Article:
Permanent Circuits the Way Forward for Formula E, says CEO Jamie Reigle
Since its debut, Formula E has experienced a number of hurdles, notably with its reliance on road racing in city centres. The objective is to bring motorsports closer to the people and to discover new fanbases, but in practice, it frequently results in communities being angry about road closures and the shifting tides of government, placing FE at the whim of politicians. That is why, according to CEO Jamie Reigle, FE has a bright future on tracks like Portland International Raceway.
“Portland is very progressive, politically and environmentally, as a city,” says Reigle. He feels that, like Austin, which was not at the top of the list when Formula One was seeking new sites, Portland has the potential to surprise everyone.
According to Reigle, the challenge with locales like Paris is twofold: as FE cars get faster, these 90-degree road circuit turns to pose safety concerns, but the game also demands a firm grasp on the pulse of local politics. Due to the election year, FE did not attend Paris last year, resulting in a lack of momentum.
The back-to-back American races in season one were an illustration of the closed streets vs. racing track dichotomy. In Miami, last-minute regulatory issues meant that the track was not ready for the race. The second event at Long Beach went considerably more smoothly, thanks in part to FE’s collaboration with well-known organisers of the city’s IndyCar race.
Most other events haven’t been as dramatic, but when locals have cold feet about a race, they either cancel it well in advance (Rio de Janeiro, Moscow, Brussels) or allow it to go on as a one-time event (Montreal, Battersea).
As a consequence, Reigle acknowledged that he was searching for arrangements with multiple IndyCar venues in the hopes of exploiting that series’ existing relationships with the local authority to organise a Formula E race. Although talks with St. Petersburg and Toronto’s Exhibition Place broke through, Portland remained a viable alternative while other U.S. towns had reservations. Even the New York City road circuit in Red Hook, Brooklyn, had strict attendance limitations (about 7,000, compared to the 40,000+ that attended in Mexico), and the arrangement with the city was not going to be extended for another year, highlighting Reigle’s point about keeping momentum. In summary, merely considering a place is time-consuming.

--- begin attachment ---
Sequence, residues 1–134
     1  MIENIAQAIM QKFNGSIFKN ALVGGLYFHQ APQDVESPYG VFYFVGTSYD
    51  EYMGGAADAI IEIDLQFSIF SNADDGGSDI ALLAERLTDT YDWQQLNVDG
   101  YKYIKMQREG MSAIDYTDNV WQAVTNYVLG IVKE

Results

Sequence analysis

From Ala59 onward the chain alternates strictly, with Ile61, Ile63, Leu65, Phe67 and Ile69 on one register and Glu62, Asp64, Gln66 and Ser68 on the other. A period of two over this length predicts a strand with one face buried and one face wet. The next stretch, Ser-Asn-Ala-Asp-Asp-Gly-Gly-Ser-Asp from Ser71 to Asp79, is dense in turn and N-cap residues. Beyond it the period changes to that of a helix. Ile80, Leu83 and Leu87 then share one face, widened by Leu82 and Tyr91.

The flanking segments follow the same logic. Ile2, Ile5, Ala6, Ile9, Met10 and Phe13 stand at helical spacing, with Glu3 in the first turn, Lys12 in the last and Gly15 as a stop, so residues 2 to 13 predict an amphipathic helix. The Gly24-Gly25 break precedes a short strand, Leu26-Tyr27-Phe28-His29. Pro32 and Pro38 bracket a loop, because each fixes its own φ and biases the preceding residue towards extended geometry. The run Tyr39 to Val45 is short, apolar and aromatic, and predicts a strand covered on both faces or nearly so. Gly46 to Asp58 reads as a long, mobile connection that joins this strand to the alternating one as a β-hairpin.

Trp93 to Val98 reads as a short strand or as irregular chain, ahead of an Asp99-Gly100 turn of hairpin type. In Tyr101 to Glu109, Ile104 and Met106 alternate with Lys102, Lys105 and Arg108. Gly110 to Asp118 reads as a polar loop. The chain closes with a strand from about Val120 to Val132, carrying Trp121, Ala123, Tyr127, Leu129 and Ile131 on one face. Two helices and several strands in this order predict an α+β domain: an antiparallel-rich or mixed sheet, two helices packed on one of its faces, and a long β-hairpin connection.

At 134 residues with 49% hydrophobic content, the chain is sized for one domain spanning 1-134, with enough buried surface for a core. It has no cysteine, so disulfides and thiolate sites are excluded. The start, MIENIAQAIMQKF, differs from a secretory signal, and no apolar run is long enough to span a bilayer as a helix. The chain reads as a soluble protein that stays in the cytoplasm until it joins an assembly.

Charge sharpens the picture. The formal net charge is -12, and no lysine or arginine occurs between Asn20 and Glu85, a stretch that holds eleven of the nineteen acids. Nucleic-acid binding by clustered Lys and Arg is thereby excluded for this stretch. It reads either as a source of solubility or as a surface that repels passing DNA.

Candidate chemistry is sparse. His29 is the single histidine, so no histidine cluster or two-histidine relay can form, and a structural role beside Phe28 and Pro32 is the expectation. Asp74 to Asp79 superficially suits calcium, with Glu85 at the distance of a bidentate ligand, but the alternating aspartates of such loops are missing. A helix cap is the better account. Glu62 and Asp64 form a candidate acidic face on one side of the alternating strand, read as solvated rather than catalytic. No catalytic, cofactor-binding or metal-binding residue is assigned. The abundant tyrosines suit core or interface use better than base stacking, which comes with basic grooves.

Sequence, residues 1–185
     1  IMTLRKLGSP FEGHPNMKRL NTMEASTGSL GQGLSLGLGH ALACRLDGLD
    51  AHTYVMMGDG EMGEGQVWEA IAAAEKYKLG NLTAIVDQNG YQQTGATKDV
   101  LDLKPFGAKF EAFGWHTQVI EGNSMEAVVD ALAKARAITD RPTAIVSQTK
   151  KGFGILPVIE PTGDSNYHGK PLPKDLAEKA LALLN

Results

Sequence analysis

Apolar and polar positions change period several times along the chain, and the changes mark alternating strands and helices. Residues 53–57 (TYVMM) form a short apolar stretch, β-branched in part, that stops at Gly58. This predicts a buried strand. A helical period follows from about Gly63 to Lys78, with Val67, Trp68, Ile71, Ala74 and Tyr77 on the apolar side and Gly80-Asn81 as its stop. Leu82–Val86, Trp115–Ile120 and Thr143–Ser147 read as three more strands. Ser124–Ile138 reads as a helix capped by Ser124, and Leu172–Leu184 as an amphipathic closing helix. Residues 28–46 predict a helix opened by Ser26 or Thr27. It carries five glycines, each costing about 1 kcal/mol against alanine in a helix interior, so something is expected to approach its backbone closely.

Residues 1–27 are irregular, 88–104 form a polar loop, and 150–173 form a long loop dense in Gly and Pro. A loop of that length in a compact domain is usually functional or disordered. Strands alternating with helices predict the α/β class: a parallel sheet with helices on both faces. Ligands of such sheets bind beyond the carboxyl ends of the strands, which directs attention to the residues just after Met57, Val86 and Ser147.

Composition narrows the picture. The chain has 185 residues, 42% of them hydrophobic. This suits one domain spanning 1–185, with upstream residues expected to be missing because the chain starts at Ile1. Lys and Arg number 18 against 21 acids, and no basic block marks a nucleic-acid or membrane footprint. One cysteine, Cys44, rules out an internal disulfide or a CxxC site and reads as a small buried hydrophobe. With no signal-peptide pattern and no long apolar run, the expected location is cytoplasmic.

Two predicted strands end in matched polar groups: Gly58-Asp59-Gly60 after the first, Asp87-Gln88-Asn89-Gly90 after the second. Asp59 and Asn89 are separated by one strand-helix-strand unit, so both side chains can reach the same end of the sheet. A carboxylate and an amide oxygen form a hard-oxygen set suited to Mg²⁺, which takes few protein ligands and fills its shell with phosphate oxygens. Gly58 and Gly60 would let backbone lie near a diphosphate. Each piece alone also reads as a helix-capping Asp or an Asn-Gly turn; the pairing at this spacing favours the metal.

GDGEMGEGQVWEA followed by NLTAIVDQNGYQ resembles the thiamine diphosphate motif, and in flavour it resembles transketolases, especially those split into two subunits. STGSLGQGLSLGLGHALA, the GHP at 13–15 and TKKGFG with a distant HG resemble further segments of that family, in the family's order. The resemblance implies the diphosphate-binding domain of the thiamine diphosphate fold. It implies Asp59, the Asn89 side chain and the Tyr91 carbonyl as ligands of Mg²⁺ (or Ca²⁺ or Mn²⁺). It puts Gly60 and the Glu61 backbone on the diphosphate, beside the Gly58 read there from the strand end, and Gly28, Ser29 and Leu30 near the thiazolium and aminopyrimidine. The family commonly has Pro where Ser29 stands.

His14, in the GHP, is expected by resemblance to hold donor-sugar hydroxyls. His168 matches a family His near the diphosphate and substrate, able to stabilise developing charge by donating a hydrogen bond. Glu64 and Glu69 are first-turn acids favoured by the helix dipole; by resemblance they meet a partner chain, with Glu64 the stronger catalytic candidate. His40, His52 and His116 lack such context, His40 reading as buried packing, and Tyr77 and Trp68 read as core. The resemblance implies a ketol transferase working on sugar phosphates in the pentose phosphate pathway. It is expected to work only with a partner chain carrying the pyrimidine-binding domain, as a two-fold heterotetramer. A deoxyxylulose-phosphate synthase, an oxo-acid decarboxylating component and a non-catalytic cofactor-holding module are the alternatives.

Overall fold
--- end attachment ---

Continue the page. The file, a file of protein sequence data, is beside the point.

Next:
“If we can have a few more events like this,” Reigle added, nodding to the Autodromo Hermanos Rodriguez, “then it would be a good balance. It’s a terrific chance to test these vehicles on a racing track’s current infrastructure.”
More permanent circuits are anticipated to appear on the calendar as FE grows through Gen3 and into future eras. This will not only allow the vehicles to be tested on existing infrastructure, but it will also avoid the issues connected with road racing in city centres.